Demographic correlates of dependence vary somewhat depending on the assessment but appear to be explained partially by differences in extensiveness of smoking. The rates of dependence are similar for males and females on the DSM but higher among males than females on the mFTQ. The difference on the mFTQ appears to be partially linked to gender differences in intensity of smoking. Rates are higher among whites than minority-group members on both scales, but higher among Hispanics than African Americans on the DSM. Higher rates of dependence among whites than minority-group members have been consistently reported by other investigators for adolescents (Moolchan, Berlin, Robinson, & Cadet, 2003) and adults (Breslau, Kilbey, & Andreski, 1991; Breslau et al., 2001; Kandel & Chen, 2000; Moolchan et al., 2002). The relationship of extensiveness of smoking with dependence is similar among groups. While dependent whites smoke more cigarettes per day than African Americans, at each level of extensiveness of smoking, the same percentage of youths of different ethnicities meet criteria for dependence on each scale. With control for extensiveness of smoking, ethnic differences are very much attenuated or disappear altogether (see also Moolchan et al., 2003). Thus, ethnic differences in adolescence appear to be due to the fact that minority-group adolescents smoke less than whites, not that they report fewer symptoms of dependence at the same quantities of cigarettes smoked. In this respect, the results of this analysis diverge from those reported for adults on a national sample (Kandel & Chen, 2000). Lighter smoking and lower sensitivity to nicotine among adults appeared to explain the lower rates of nicotine dependence among African Americans compared with whites. Furthermore, ethnic differences in rates of nicotine metabolism and uptake of nicotine from cigarettes among adult smokers may account in part for ethnic differences in rates of nicotine dependence. African Americans, who metabolize nicotine more slowly than whites (Perez-Stable, Herrera, Jacob, & Benowitz, 1998), would be expected to report symptoms of dependence at lower levels of tobacco consumption.

This detailed comparison of two scales of nicotine dependence in a school sample of adolescents provides some understanding of the patterns of behavior that are captured by each scale, as well as potential differences between adolescent and adult smokers. The two scales correlate very highly with consumption levels, yet the concordance between the scales is weak. Each captures a different aspect of dependence: a behavioral component in the case of the mFTQ, an affective component in the case of the DSM. The psychological component may partially explain why the DSM identifies a much larger percentage of smokers as being dependent than the mFTQ. The difference in rates of dependence on each scale may be greater in adolescence than in adulthood, with the mFTQ identifying a relatively smaller percentage as dependent in adolescence compared with adulthood. The findings still do not answer the basic questions of how well the scales measure dependence and whether one scale is superior to the other.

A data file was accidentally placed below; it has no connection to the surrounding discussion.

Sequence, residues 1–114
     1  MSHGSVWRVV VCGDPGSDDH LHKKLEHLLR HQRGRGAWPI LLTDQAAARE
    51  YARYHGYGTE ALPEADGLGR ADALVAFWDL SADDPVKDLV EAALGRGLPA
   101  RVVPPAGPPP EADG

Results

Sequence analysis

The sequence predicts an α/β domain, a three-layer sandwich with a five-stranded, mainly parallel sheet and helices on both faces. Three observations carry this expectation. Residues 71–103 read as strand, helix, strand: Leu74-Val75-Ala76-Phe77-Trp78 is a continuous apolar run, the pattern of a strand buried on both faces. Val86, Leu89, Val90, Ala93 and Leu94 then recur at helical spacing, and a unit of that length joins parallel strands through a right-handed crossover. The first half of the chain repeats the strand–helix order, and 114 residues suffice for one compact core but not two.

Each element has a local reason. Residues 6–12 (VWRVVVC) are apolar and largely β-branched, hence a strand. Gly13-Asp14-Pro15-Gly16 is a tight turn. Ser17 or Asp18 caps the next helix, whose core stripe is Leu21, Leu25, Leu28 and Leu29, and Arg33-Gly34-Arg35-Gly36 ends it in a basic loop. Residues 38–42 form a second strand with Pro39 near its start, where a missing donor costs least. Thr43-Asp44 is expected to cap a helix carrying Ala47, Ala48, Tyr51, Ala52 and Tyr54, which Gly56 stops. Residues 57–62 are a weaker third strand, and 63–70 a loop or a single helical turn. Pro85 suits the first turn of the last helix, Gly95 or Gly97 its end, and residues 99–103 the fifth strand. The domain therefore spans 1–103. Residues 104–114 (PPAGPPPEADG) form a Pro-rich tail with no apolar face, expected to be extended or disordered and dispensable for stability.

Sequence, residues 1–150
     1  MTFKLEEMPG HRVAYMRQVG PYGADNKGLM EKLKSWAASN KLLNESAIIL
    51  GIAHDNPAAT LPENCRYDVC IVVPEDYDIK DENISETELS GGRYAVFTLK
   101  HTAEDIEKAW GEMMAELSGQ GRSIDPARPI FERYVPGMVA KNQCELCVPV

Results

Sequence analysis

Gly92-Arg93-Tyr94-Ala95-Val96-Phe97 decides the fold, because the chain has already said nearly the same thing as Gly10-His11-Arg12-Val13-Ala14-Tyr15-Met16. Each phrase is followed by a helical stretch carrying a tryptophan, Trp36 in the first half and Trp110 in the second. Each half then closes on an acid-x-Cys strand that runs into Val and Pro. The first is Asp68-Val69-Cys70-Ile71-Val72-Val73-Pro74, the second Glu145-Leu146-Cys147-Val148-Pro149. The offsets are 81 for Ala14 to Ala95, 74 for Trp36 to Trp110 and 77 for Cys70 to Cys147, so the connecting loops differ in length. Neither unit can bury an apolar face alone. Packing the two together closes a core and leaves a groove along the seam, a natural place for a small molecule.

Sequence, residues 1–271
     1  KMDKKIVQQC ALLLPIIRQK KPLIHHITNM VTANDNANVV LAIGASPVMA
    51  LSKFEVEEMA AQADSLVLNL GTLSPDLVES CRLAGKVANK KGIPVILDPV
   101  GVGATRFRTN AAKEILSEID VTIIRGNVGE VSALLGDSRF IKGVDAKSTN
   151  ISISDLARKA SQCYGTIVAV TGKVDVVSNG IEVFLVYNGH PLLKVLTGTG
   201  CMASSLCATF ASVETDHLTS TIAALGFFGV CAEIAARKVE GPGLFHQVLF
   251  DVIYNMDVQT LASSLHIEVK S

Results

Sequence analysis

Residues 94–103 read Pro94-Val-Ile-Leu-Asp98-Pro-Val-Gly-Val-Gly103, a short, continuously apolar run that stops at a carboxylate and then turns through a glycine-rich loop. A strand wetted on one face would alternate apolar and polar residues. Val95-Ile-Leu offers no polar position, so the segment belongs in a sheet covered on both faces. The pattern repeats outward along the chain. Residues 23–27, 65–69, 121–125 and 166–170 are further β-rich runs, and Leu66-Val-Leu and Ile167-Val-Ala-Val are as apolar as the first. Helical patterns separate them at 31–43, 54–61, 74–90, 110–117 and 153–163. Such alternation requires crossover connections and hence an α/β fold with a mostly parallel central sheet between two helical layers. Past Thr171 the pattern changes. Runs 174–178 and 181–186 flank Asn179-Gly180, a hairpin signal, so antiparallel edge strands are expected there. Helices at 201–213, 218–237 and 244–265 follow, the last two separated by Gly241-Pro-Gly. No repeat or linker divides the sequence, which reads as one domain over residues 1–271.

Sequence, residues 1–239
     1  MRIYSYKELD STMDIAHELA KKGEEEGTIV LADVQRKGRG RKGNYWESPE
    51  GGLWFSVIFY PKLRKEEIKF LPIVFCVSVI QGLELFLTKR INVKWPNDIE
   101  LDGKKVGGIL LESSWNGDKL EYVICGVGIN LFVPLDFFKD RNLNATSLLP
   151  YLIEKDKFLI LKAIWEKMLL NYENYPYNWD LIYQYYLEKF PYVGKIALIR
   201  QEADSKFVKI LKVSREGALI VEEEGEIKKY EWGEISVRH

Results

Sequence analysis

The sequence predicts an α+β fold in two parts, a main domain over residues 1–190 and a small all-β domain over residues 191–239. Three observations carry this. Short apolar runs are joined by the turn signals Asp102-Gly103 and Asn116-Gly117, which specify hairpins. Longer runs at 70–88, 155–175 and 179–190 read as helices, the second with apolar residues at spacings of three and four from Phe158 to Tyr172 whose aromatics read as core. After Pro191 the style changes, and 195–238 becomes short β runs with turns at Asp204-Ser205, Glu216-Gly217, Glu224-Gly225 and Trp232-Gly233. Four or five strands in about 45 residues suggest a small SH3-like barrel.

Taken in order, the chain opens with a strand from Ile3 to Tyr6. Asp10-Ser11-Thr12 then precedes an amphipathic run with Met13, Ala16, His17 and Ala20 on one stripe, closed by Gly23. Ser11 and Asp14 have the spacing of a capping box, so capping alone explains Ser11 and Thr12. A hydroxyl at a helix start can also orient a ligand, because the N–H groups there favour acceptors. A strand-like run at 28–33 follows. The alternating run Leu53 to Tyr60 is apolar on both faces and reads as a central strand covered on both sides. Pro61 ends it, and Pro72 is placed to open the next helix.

Appendix A. Modified Fagerström Tolerance Questionnaire (mFTQ) (Prokhorov et al., 1998)

The next questions are about your cigarette smoking. Answer the following questions for the last 30 days or the most recent month you have smoked. Coding indicated in parentheses.

On the days that you smoke(d), how many cigarettes do/did you smoke per day?

(0) I have never smoked cigarettes or have only smoked once or twice.

(0) Less than a whole cigarette per day

(0) 1 whole cigarette per day

(0) 2–5 cigarettes per day

(0) 6–15 cigarettes per day (about half a pack)

(1) 16–25 cigarettes per day (about 1 pack)

(2) 26–35 cigarettes per day (about 1 and a half packs)

(2) More than 35 cigarettes per day

How often do/did you take in smoke or inhale when you smoke(d)?

(0) I have never smoked cigarettes or have only smoked once or twice.

(2) Always

(1) Quite often

(1) Seldom

(0) Never

How soon after waking up in the morning do/did you smoke your first cigarette?

(0) I have never smoked cigarettes or have only smoked once or twice.

(1) Within the first 5 minutes

(1) Between 6 and 30 minutes

(0) Between 31 and 60 minutes

(0) Between 1 and 2 hours

(0) More than 2 hours

Which cigarette is/was the hardest to give up?

(0) I have never smoked cigarettes or have only smoked once or twice.

(1) First cigarette in the morning

(0) Any other cigarette before noon

(0) Any other cigarette in the afternoon

(0) Any other cigarette in the evening

Do/did you find it difficult not to smoke inside places where it is forbidden (for example, inside school, church, library, movies, etc.)?

(0) I have never smoked cigarettes or have only smoked once or twice.

(1) Yes, very difficult

(1) Yes, somewhat difficult

(0) No, not usually difficult

(0) No, not at all difficult

Do/did you smoke even if you are/were so ill that you are/were in bed most of the day?

(0) I have never smoked cigarettes or have only smoked once or twice.

(1) Yes, always

(1) Yes, quite often

(0) No, not usually

(0) No, never

Do/did you smoke more during the first 2 hours of the day or more during the rest of the day?

(0) I have never smoked cigarettes or have only smoked once or twice.

(1) More during the first 2 hours of the day

(0) More during the rest of the day